European CPFR Insights


by Accenture (2002)
Click here to download

This report builds on the 2001 ECR Europe CPFR implementation guide and demonstrates how companies are increasingly implementing CPFR in practice. It consists of a series of case studies and provides valuable CPFR insights for companies intending to implement CPFR.

International Council for RTI – Recommendation for the Compatible Stacking of Crates


by Centrale für Coorganisation (2001)
Click here to download

There is currently an increasing variety of reusable transport equipment, managed in a variety of different ways, being used to handle an expanding catalogue of products, all with the aim of reducing Supply Chain costs for individual elements within the Supply Chain. In their drive to meet the ever increasing and varied demands of their customers, the RTI designers and service providers were introducing more and more mutually incompatible designs, which created barriers to the wider acceptance and use of the very products their customers were demanding. This document tackles the issue of physical compatibility of RTI, with focus on the basic 600 mm x 400 mm crate and it's sub-modules, and the way in which different designs can be made compatible with each other to provide safe handling and stacking throughout the Supply Chain. In future, by following the guidelines outlined in this recommendation, which define the dimensions of the stacking interface between crates, there will be major commercial benefit to the users of RTI, including :
- No longer having to transfer merchandise from one crate to another to achieve safe loading.
- A reduction in product handling damage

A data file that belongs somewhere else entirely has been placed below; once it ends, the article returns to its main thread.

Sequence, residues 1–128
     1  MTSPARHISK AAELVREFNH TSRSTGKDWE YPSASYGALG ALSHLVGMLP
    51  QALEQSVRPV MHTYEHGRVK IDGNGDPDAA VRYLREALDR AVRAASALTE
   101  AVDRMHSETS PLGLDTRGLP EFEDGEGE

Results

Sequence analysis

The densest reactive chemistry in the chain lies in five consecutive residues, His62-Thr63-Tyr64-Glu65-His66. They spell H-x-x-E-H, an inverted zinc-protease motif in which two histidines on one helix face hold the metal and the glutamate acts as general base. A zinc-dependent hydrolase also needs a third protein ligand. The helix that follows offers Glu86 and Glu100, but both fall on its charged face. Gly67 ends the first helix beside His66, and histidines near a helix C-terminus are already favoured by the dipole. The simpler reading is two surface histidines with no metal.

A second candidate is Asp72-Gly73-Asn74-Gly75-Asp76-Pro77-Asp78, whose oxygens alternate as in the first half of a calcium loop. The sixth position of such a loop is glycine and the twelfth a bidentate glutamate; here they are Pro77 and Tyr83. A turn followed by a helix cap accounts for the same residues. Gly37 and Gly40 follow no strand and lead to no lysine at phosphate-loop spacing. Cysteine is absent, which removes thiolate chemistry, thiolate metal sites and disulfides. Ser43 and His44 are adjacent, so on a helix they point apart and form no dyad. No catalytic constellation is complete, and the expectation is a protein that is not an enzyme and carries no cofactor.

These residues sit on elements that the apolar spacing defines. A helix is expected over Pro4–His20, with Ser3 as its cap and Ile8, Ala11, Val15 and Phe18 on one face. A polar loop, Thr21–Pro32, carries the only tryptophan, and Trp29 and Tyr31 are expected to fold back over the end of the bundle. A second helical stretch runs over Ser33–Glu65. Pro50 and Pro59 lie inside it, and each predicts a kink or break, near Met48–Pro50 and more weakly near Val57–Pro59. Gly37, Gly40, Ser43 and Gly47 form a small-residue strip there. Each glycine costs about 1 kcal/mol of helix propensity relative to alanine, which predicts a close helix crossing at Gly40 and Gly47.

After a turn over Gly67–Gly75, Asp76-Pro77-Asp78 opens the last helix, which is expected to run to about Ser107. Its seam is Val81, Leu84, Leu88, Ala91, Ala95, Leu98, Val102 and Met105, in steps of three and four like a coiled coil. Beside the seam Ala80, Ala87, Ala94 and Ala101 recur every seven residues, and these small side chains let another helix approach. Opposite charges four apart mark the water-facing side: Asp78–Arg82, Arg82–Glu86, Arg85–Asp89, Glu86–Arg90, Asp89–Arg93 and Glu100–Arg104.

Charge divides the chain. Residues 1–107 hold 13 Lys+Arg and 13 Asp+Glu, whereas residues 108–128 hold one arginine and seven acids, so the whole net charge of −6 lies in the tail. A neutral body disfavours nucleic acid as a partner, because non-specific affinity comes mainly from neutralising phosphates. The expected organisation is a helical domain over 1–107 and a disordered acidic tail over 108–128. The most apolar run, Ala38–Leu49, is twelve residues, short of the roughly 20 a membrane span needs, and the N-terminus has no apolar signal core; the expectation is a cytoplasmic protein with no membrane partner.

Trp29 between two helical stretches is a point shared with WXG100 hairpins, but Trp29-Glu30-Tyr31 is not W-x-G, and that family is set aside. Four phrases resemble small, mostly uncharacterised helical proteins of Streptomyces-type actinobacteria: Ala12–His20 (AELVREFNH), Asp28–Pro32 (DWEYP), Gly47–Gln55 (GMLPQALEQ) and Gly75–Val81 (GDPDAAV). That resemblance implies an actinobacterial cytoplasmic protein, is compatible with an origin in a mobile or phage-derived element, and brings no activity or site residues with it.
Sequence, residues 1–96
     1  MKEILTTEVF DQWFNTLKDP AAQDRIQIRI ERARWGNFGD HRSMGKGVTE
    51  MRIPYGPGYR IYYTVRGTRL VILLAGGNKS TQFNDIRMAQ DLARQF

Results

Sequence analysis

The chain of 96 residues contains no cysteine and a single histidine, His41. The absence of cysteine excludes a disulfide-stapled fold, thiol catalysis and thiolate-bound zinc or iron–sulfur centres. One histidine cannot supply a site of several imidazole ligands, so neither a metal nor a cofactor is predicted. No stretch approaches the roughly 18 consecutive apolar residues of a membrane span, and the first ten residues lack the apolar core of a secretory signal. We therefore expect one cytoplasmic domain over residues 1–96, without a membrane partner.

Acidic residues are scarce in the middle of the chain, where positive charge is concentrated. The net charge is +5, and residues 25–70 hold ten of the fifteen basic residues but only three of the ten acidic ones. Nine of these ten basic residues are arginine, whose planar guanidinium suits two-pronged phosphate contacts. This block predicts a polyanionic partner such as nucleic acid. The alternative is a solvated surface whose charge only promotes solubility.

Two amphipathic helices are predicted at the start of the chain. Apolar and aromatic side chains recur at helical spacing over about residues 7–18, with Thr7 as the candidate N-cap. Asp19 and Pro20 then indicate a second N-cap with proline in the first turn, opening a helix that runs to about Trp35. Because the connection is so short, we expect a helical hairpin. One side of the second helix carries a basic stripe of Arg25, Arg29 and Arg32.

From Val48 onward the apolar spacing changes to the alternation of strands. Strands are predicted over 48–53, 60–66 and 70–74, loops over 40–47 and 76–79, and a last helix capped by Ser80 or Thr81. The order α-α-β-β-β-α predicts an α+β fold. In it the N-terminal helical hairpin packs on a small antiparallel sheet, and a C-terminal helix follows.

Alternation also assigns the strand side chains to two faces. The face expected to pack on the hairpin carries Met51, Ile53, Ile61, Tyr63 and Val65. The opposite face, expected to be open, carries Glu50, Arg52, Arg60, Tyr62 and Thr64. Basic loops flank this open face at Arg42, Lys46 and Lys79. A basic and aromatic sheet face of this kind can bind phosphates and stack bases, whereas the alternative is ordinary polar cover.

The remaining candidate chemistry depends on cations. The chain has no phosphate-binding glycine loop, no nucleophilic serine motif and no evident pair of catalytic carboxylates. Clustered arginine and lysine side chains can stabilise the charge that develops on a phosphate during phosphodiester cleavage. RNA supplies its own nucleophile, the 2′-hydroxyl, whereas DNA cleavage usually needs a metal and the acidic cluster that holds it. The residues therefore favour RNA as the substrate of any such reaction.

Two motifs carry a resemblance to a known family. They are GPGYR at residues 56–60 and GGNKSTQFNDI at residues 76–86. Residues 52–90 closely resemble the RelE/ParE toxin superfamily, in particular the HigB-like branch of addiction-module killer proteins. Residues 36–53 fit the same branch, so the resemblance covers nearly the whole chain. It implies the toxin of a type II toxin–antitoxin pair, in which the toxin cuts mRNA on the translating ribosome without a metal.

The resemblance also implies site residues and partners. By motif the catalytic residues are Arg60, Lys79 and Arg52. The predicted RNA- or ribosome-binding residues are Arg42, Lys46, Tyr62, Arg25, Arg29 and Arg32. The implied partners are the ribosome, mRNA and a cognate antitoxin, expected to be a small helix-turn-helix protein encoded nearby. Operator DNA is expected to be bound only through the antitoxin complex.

- Being able to select the right crate for the product from a variety of designs and suppliers, in the certain knowledge that it will not cause handling problems with other equipment.

Guide to CPFR Implementation


by Accenture (2001)
Click here to download

The 9 step VICS model for CPFR® is relatively well known in the ECR community. However, actual implementation of this model is not as far-advanced in Europe as one may believe. With the emergence of the B2B exchanges and their focus on CPFR as among the first services to provide, the ECR Europe project team on CPFR® thought that advice on how to implement CPFR® in practice may be useful for the ECR community. To this end the project team has examined the VICS model and has adapted it to business and market conditions in Europe. The result is a hands-on implementation guide which provides companies, at different levels of readiness, with easy to understand advice on how to make CPFR® operational. Particular attention has been paid to the importance of promotions in Europe and the extension of the CPFR® concept to upstream suppliers.

Posts 13 - 18 of 33
First | Prev. | 1 2 3 4 5 6 | Next | Last | All